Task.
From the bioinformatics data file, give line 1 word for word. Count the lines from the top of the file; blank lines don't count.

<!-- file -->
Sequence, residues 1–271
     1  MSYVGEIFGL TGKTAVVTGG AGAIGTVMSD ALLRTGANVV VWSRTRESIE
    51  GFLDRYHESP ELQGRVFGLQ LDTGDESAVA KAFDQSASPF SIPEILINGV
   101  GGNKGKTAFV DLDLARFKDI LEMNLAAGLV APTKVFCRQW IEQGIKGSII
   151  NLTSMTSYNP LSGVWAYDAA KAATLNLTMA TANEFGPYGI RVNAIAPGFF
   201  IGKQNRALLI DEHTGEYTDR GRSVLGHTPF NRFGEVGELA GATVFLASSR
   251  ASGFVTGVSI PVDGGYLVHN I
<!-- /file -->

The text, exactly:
Sequence, residues 1–271